1887
Volume 30, Issue 1
  • E-ISSN: 1365-2117

Abstract

Abstract

Relay ramps are integral components of normal fault systems that control sediment transport pathways in evolving rifts. We attribute differences in the geometry of fluvial systems that drain relay ramps to the scale of the ramp bounding fault segments, the spacing between segments and the amount of overlap between segments. Previous conceptual models for relay ramp geomorphological evolution have assumed that ramp fluvial catchments develop on the ramp surfaces and flow parallel to fault strike into the adjacent basin. Numerous examples exist in nature, however, that show that this is not ubiquitous. The fundamental question of what drives differences in fluvial geometry in these settings has, to date, not been fully addressed. We selected 27 relay ramps across the Basin and Range, western North America, and mapped, via GPS and remote sensing, the faults and ramp fluvial systems associated with each site. The sites represent a range of fault scales, which we define by the total outboard fault length, and a range of spacing and overlap values in order to better understand the structural controls on differences among ramp fluvial systems. Results show that the majority of a relay ramp surface drains parallel to fault strike when the outboard fault is less than about 15 km long. High overlap/spacing ratios are associated with relays along shorter (<15 km long) outboard faults, whereas lower overlap/spacing ratios are associated with relays along longer faults. Relays with lower overlap/spacing values may be more common along longer outboard faults because they survive for longer periods of time in the landscape. Our geomorphological observations can be used to predict synrift depocenter locations along segmented faults, but these observations only apply if the faults are short (<15 km long) and in early rifting stages. At longer fault lengths, ramp fluvial system geometry has no discernable relationship with any specific structural parameter.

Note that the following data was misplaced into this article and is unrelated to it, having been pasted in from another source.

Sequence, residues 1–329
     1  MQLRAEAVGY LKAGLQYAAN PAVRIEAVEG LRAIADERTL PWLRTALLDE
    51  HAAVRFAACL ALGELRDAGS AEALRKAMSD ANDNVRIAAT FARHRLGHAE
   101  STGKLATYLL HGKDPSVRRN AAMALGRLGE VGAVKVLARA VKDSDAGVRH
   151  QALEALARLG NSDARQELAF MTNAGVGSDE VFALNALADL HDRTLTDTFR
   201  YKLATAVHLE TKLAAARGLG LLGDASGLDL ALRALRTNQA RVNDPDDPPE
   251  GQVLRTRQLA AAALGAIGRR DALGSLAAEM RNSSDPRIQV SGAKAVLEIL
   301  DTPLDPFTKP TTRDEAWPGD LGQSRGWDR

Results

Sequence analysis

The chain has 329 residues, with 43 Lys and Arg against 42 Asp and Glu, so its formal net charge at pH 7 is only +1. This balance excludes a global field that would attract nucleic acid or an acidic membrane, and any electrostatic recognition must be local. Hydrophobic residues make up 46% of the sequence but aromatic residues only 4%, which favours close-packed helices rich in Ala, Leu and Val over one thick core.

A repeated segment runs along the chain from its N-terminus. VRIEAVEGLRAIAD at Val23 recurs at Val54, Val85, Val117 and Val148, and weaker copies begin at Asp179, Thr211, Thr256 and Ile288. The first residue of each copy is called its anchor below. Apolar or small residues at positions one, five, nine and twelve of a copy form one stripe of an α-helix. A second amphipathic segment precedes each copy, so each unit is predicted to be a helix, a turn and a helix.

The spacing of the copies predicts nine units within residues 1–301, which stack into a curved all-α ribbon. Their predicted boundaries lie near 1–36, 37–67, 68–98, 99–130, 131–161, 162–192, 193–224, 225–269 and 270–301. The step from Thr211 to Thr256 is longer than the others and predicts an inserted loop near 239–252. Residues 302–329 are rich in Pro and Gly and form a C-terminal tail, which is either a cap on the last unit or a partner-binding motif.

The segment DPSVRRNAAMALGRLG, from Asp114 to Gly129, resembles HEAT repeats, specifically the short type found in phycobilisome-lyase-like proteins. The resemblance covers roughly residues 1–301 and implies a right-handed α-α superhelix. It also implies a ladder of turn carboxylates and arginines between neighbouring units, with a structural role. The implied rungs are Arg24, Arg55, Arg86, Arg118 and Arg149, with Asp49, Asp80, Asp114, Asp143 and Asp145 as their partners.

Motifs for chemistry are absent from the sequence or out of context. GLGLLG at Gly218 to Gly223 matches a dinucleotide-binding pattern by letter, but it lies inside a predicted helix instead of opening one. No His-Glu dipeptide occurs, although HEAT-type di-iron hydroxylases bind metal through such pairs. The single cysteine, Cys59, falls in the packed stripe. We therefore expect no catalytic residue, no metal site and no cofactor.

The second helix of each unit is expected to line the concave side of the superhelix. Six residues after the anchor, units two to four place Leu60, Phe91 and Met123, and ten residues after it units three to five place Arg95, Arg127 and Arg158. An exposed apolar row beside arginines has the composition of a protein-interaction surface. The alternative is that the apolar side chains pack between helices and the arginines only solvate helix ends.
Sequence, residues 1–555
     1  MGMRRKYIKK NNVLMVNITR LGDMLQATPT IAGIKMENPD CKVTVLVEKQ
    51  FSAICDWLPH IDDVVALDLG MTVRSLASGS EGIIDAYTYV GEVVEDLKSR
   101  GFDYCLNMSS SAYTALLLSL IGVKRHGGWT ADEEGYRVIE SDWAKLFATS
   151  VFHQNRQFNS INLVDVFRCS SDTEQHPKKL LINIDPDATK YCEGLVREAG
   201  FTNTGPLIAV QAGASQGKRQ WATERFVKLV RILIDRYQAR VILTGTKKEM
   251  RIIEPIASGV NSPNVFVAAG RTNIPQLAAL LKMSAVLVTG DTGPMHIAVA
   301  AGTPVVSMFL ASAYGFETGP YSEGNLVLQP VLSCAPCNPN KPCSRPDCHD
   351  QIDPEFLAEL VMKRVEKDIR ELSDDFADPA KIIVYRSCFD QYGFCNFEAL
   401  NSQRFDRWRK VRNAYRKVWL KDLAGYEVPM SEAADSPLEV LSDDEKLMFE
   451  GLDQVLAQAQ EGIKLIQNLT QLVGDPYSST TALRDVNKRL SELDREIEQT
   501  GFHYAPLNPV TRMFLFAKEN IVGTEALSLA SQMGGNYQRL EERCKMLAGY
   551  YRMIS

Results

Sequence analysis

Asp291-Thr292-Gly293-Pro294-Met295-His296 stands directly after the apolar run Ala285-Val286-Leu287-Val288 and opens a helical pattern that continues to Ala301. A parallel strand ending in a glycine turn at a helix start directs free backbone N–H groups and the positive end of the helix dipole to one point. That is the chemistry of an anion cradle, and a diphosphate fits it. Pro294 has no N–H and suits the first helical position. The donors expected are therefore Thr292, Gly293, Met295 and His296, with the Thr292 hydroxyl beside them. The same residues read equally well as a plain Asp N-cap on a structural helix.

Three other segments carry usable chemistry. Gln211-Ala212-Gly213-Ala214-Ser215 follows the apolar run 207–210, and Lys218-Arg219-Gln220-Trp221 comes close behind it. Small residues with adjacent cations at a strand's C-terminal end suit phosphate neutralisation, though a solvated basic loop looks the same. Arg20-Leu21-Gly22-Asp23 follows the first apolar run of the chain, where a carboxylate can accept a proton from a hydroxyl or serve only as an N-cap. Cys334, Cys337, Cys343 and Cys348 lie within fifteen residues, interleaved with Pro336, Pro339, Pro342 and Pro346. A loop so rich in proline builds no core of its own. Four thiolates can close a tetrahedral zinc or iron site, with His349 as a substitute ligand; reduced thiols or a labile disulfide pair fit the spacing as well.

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2017-04-29
2019-12-13
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